Forty-five minutes after landing, we're finally ready to go. We then take the first steps of our expedition. Between the jagged peaks and the fjords cut by glaciers, where polar bears and caribou roam, we remember the Inuit legend of Sedna, Inuit goddess lurking in the depths of the sea and great protector of nature . We have to be careful not to break her rules, because then she gets angry and the harmony that usually reigns in their world is broken. After the people have appeased their anger, Sedna frees the game and reestablishes good relations between the Inuit and their world. At all times, hunters should remember to respect all living things if they are to maintain a good relationship with the goddess. At all times, we will remember that we are in Inuit land called Nunangat, and that we must respect the mountains and the land, rocks, water and fog at all times, which all have a spirit.
On this first day of our expedition, the descending light reminds us to hurry. We must arrive at the camp before dark.
Long kilometers remain to be covered in the next few days, but for now, the day ends as the light fades behind us, leaving a delicate glow in the winding trail of our wet footsteps. At our feet, in front of us, lie magnificent grasses, the pollen of which begins to spread in the cool breeze of Nunavik. As I fetch water to fill our gourds, I scan the vast sky and thank Sedna for allowing me to be there and have this fantastic adventure.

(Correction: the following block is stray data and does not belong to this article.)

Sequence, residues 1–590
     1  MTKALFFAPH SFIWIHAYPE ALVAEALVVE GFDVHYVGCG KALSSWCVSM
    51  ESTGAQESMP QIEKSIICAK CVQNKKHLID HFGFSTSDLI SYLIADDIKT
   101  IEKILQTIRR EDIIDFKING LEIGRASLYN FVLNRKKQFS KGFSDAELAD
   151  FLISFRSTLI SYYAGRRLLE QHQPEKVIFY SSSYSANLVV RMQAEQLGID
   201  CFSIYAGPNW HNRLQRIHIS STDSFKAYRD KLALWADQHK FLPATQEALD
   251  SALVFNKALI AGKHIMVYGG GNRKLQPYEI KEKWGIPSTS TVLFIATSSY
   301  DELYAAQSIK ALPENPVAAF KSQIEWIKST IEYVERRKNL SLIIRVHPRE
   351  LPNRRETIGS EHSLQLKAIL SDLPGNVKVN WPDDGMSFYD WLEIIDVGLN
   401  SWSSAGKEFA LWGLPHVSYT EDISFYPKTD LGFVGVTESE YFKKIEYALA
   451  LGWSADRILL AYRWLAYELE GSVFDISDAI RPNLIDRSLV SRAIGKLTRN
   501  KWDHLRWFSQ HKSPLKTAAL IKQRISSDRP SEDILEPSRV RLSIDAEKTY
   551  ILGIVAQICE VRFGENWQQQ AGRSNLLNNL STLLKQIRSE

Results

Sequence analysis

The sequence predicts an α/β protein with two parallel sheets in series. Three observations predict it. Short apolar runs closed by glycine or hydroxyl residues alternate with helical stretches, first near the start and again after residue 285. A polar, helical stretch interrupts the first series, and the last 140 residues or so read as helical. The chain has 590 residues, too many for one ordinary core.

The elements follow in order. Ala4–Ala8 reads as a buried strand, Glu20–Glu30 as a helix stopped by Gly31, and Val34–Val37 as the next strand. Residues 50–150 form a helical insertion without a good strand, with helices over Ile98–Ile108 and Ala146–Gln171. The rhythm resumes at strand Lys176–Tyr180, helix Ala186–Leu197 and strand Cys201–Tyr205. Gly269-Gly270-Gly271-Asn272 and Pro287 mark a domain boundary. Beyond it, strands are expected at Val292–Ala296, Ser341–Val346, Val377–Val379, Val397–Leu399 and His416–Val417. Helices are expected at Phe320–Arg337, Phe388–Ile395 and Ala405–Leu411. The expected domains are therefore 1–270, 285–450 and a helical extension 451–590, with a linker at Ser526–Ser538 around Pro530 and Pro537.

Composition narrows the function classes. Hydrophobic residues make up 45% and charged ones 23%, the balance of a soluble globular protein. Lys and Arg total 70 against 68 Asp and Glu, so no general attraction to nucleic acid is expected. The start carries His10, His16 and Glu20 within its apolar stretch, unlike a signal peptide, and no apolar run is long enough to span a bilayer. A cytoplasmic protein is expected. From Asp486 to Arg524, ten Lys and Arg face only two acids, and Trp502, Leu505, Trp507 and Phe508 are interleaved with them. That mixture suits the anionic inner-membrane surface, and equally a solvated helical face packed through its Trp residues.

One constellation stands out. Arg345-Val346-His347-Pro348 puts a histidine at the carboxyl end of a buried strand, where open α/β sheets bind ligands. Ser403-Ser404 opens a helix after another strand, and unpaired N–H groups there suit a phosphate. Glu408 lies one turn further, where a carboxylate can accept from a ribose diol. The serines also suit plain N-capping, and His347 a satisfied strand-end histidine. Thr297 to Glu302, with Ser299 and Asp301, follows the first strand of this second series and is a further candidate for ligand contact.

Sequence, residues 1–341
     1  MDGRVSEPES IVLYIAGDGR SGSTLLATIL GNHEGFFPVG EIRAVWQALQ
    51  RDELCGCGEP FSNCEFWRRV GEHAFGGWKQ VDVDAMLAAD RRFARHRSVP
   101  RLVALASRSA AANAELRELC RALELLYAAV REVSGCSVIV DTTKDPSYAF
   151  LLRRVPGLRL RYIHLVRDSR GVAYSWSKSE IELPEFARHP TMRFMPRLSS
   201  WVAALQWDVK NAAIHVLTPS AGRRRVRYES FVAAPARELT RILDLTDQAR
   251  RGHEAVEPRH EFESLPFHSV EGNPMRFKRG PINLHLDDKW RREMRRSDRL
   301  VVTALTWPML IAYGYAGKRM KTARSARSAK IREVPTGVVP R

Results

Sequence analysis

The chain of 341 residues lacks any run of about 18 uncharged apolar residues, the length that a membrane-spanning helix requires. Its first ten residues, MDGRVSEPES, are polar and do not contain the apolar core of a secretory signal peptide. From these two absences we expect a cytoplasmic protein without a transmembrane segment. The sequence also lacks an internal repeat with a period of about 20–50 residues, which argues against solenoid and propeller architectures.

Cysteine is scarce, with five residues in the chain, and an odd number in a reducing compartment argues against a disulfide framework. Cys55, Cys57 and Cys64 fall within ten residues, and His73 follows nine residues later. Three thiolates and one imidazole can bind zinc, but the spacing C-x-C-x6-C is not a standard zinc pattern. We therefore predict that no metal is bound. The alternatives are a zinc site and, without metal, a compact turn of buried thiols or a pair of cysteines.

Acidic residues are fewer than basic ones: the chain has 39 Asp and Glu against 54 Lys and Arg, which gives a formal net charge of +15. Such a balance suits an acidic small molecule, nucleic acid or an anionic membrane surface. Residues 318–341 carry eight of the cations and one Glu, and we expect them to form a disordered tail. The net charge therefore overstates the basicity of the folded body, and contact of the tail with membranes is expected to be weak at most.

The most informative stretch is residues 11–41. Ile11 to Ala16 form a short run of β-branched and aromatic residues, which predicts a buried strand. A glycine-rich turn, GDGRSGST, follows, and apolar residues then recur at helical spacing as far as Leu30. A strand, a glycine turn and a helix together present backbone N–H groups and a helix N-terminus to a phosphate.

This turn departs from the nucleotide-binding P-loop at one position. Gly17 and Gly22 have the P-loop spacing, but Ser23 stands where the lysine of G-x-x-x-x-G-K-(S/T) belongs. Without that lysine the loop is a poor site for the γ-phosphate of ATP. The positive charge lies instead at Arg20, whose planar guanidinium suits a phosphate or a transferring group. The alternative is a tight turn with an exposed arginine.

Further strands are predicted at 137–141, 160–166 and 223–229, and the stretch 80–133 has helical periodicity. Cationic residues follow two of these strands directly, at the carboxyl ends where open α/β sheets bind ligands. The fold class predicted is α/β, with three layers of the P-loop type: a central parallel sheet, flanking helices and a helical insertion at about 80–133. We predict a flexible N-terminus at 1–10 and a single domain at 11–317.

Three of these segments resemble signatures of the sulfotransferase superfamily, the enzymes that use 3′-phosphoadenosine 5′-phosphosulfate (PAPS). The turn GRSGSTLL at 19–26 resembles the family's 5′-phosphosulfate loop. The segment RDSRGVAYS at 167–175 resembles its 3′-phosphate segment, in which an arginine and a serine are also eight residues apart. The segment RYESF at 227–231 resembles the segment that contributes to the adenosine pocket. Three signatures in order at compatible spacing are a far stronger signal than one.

Meanwhile, on the coast, polar bears hunt seals on the ice floes of Nachvak Bay. We have heard that he is getting closer and closer to one of the sections of our route due to lack of food and changes in his lifestyle, no doubt caused by global warming. I stay alert, often glancing towards the horizon.
We contemplate a black sky filled with shooting stars which offers us the chance to witness a spectacular merry-go-round of green lights appearing quietly behind the neighboring peaks. Soft and weak at first, their movement gains momentum, and the dance of the aurora continues until midnight. The difficult day turns into a gift for our eyes amazed by so much beauty.
On the same runway that saw us take off, Florence and I think back to the adventure we just had. Back in Montreal, the adventure does not end there. This is what is complex about being an adventure filmmaker. You have to come home and accept the fact that you will be spending the next month video editing in front of a screen and sending hundreds of emails. The part of my job that takes place in the field is very therapeutic, but the return to urban life is a real shock for me each time, after having been disconnected from everything for days. I realize that we are adding so much the superfluous to a way of life that could be much simpler and more harmonious. This is what I take away from Kuururjuaq Park and this documentary project which has just ended; the search for simplicity.
To see the documentary Traversées: